Amalgam Is Making Just FIVE ‘Race Weathered’ McLaren F1 GTRs
Few expected McLaren to win on its 24 Hours of Le Mans debut in 1995: the seven F1 GTRs entered for the event were put firmly in place when the best of bunch could only qualify 9th, 11th and 12th, more than 11 seconds adrift of an unexpected front row lockout for French independent, Welter Racing. On top of that, and barring the first edition of the race in 1923, only once had a brand won the great endurance event on its maiden outing (Ferrari can thank Luigi Chinetti and Peter Mitchell-Thomson’s victory in 1949 aboard a privately-entered 166 MM for that). That McLaren’s F1 GTR would also have to overcome the rise of the WSC-class prototypes made Woking’s job even harder.
And yet, Yannick Dalmas, JJ Lehto and Masanori Sekiya would go on to make Le Mans history on 18 June 1995, 25 years after team founder Bruce’s death at Goodwood and four further after his own triumph as a driver at the French endurance classic.
Speed and performance of course wasn’t in doubt: on its first six outings, Gordon Murray’s creation, quite incredibly, took all six wins and started from pole position on three occasions. The durability of the F1’s six-speed gearbox though was another matter, and confidence that the GTR could last the full 24-hour distance, even behind the shutters at Woking, was low.
Wet weather, as it turns out, would prove to be the GTR’s saving grace. With heavy showers starting to fall just one hour in, and continuing for three-quarters of the race thereafter, average speeds around the formidably quick La Sarthe slowed considerably. The prototypes at front, now without the downforce capabilities offered by a dry track, were hobbled, and the F1 GTRs, their gearboxes no longer required to run at full pelt, picked their way systematically to the front. By quarter-distance, McLaren was already running 1st, 2nd and 3rd.
It’s the closing stages though that will almost certainly be remembered. On a drying track, JJ Lehto in the Lanzante Motorsport-run, Kokusai Kaihatsu Racing #59 began to claw full seconds per lap out of Justin Bell’s lead in the #51 Mach One Racing (read ‘Harrods’) entry. A mistake from the latter, by now under enormous pressure, eventually handed the lead to the Lehto. In a further insult, the furious pace had taken its toll on Bell’s gearbox, and the Englishman was forced to the return to the pits with one working ratio. The #51 Harrods machine did recover to take 3rd, but any chance of either Derek Bell or Andy Wallace adding to their tally of Le Mans wins had gone.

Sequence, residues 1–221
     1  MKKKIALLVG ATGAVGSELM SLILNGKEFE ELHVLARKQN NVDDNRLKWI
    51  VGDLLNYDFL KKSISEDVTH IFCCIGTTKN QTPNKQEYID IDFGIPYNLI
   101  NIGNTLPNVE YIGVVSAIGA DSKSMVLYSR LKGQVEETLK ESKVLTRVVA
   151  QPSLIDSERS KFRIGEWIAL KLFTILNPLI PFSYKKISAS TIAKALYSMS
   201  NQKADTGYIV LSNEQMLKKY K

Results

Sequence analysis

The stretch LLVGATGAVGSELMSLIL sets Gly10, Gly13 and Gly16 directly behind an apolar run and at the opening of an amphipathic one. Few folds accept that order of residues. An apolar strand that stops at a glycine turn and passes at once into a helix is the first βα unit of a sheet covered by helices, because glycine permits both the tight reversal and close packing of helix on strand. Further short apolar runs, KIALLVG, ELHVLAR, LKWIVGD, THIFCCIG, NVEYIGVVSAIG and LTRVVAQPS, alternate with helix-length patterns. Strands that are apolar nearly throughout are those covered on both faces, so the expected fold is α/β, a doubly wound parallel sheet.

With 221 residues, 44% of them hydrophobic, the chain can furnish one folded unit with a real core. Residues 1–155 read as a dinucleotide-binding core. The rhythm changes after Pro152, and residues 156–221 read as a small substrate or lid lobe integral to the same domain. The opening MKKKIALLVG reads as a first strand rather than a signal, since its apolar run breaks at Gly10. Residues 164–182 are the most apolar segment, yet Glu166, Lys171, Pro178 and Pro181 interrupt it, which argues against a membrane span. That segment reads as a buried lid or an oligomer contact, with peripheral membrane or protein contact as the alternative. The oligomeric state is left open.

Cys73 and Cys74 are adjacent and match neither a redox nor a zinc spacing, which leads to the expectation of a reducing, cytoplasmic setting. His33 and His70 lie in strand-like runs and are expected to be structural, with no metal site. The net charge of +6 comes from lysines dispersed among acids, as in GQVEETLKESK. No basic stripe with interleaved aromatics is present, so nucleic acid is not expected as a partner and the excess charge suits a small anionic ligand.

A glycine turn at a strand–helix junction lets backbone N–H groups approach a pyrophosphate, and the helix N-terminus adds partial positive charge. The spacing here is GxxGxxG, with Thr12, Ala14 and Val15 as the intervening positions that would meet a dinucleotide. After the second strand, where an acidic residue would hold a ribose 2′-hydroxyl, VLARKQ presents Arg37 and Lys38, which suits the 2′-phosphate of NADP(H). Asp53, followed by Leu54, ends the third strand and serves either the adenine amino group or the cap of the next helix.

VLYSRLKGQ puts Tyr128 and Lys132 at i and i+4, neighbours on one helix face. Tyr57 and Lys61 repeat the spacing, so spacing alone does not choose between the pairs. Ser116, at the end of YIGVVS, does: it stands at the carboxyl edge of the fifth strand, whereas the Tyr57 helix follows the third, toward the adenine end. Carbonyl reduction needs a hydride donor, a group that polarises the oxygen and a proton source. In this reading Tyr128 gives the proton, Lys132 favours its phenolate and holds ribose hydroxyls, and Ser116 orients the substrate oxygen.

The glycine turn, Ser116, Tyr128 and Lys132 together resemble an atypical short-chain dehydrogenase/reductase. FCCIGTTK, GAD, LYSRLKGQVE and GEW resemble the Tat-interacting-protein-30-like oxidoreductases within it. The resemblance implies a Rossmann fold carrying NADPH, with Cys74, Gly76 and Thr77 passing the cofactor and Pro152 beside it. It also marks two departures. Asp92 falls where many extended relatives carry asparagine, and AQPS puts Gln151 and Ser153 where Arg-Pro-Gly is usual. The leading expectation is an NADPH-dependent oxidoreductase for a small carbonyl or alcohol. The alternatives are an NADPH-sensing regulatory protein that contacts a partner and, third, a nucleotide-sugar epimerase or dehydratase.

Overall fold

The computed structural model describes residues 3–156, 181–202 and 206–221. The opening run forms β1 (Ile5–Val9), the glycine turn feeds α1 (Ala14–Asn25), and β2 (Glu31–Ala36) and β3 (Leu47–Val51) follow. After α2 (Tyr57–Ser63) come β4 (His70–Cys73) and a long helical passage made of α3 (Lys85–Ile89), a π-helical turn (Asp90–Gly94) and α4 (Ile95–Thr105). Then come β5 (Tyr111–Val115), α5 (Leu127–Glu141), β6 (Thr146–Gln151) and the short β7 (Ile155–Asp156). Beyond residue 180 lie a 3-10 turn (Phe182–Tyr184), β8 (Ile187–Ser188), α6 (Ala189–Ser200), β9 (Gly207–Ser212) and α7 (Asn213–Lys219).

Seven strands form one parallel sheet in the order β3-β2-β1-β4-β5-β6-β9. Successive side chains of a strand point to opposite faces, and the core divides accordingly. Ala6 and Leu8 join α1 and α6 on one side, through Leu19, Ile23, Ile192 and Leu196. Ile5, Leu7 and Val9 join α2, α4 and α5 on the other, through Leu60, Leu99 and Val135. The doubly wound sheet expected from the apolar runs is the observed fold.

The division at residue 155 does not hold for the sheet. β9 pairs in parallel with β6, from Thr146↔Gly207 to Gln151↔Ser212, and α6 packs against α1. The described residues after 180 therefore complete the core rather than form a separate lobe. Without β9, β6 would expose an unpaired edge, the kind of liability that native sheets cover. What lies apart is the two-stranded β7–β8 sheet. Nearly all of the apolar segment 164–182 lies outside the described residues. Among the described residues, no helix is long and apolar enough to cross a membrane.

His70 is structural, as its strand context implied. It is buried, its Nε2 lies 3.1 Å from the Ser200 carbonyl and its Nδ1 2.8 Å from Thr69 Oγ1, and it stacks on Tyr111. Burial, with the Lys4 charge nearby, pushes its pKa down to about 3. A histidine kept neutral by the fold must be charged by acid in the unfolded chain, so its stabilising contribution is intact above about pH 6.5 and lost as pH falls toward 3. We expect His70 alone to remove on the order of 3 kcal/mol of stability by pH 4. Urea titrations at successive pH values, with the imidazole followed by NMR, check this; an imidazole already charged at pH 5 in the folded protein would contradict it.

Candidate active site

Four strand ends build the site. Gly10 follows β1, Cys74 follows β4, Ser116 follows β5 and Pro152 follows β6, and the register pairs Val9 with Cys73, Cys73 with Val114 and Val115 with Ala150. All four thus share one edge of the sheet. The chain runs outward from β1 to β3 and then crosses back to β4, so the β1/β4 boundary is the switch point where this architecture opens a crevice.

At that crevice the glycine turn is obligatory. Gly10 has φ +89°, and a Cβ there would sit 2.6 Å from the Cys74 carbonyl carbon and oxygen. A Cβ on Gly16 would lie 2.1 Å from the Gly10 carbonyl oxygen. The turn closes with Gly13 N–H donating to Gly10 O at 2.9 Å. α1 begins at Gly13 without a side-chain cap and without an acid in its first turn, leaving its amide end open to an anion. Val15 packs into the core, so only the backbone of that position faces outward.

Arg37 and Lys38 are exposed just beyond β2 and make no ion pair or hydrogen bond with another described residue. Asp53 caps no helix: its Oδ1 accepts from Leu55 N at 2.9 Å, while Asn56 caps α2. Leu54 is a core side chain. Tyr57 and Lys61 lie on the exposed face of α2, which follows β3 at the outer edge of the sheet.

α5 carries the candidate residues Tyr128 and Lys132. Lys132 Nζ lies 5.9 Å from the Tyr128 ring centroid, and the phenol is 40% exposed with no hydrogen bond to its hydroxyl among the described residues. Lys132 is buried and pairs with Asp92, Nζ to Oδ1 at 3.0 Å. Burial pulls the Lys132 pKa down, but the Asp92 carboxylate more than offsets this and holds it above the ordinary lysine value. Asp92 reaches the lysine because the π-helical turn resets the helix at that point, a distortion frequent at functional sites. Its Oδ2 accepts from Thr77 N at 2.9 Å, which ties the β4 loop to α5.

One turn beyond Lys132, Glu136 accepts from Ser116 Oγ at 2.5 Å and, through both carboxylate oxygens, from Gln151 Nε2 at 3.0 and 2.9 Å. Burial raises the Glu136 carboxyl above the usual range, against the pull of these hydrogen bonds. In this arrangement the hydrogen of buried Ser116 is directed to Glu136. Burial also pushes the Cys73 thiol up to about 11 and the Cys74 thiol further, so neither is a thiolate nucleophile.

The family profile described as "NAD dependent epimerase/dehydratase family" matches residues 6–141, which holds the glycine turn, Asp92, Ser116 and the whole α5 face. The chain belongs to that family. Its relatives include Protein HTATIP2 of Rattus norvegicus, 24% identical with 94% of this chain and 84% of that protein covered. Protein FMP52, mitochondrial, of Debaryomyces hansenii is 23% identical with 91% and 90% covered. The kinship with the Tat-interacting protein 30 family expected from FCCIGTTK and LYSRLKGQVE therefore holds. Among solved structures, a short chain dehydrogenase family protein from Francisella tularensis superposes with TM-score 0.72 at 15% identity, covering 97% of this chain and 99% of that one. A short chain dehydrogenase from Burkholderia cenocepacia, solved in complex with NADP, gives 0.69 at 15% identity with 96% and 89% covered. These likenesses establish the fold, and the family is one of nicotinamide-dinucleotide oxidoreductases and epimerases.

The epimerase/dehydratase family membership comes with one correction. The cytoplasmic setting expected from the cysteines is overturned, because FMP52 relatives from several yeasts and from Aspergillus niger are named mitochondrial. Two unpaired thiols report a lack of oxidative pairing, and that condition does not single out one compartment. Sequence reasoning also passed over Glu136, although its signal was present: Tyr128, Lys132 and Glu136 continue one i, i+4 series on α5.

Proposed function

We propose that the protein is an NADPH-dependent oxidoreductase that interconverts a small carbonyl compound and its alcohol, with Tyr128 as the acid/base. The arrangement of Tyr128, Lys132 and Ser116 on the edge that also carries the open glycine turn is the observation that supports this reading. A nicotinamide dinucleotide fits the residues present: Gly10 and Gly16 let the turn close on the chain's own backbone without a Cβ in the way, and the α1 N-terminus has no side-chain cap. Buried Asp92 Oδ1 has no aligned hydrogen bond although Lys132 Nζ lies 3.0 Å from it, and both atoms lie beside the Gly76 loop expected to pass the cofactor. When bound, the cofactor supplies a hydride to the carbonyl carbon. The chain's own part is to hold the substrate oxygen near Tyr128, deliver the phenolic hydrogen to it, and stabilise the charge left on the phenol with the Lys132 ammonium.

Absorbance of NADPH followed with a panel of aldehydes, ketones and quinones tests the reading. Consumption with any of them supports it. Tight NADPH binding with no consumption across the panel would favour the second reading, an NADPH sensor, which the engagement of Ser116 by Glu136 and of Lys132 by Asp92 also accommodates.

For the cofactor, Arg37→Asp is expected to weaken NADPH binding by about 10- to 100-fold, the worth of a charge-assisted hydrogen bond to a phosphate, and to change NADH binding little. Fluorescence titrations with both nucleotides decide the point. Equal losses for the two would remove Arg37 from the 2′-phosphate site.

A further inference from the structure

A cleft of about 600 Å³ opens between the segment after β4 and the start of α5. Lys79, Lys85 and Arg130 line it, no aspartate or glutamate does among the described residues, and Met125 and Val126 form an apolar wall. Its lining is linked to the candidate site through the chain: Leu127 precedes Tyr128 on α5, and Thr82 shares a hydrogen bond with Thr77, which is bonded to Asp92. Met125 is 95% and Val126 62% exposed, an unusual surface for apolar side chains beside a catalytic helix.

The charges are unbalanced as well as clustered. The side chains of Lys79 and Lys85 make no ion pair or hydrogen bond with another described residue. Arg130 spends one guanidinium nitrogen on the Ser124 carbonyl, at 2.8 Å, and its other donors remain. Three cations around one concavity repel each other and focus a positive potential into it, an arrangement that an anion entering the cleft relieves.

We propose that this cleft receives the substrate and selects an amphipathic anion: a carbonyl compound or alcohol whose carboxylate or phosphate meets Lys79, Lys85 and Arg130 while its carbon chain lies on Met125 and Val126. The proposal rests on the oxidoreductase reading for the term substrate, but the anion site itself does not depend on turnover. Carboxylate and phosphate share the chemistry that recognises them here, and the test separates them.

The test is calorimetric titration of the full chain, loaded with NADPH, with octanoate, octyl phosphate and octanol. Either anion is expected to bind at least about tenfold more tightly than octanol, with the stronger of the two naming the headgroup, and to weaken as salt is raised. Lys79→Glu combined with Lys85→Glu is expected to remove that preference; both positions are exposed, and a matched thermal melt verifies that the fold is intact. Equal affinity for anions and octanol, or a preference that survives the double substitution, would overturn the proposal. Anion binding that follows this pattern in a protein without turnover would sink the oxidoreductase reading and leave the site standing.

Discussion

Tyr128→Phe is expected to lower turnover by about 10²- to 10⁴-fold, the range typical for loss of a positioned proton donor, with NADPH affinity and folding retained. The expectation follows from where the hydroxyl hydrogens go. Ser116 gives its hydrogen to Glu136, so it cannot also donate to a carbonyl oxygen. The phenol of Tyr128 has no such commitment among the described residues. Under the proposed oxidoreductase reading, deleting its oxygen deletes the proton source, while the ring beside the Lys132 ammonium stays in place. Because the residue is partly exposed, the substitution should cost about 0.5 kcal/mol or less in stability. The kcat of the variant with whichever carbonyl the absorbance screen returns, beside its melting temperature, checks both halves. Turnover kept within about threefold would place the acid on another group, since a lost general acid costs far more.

That left only Mario Andretti (yikes!) in the Courage Competition-entered C34 prototype for the now leading #59 to overcome, the motorsport icon having also recovered from an earlier spin in the damp conditions in relentless fashion (the slick surface had already eliminated the Gulf Racing and West Competition McLarens). Déjà vu would ultimately be avoided though as Lehto crossed the line to take victory alongside Yannick Dalmas and Masanori Sekiya.
It was the first win at Le Mans for all three drivers, the first for drivers hailing from Finland and Japan, the first for McLaren as a manufacturer, the first for the F1 GTR, and the first for a BMW-powered car ahead of the German marque’s own win as a factory entry four years later. All the more remarkable, given that the winning chassis – 01R – had been a last minute entry after Kokusai Kaihatsu’s original car, 08R, had been destroyed in a crash at Jarama a few months earlier.
It was the also first time since the all-conquering Porsche 956 destroyed the field en-route to a 1-2-3 finish in 1982 that one make had dominated the event: barring Andretti, Bob Wollek and Eric Helary’s 2nd place for Courage, four of the top five finishers were McLarens. That year’s BPR Global GT Series championship, with David Price Racing’s Thomas Bscher and John Nielsen at the helm, crowned a remarkable maiden season for the F1 GTR.
As the motorsport fraternity, and McLaren in particular, honours its departed founder this week, what better time for Amalgam Collection to celebrate Woking’s historic win at Le Mans with a 1:8-scale, ‘race-weathered’ replica of the Ueno Clinic-liveried 01R. As you would expect from one of the most respected model makers in the business, every detail of both the #59 F1 GTR has been recreated by Amalgam’s Bristol team in exquisite detail, including race dirt, stone damage, oil stains, and even the partially torn windshield decal. All of this has been produced with archive footage and images, as well as digital scanning of the original winning F1 GTR (and yes, that includes the 600bhp, 6.064cc BMW V12). Only after being personally signed off by McLaren’s engineering and design teams could hand-built production begin.
Well, we say ‘production’. Only FIVE examples of this replica will be made, so don’t bother enquiring about the price. With that presumably herculean price though, you will also receive an archive print of the #59 provided by Motorsport Images.
*Images courtesy of Amalgam Collection and McLaren Automotive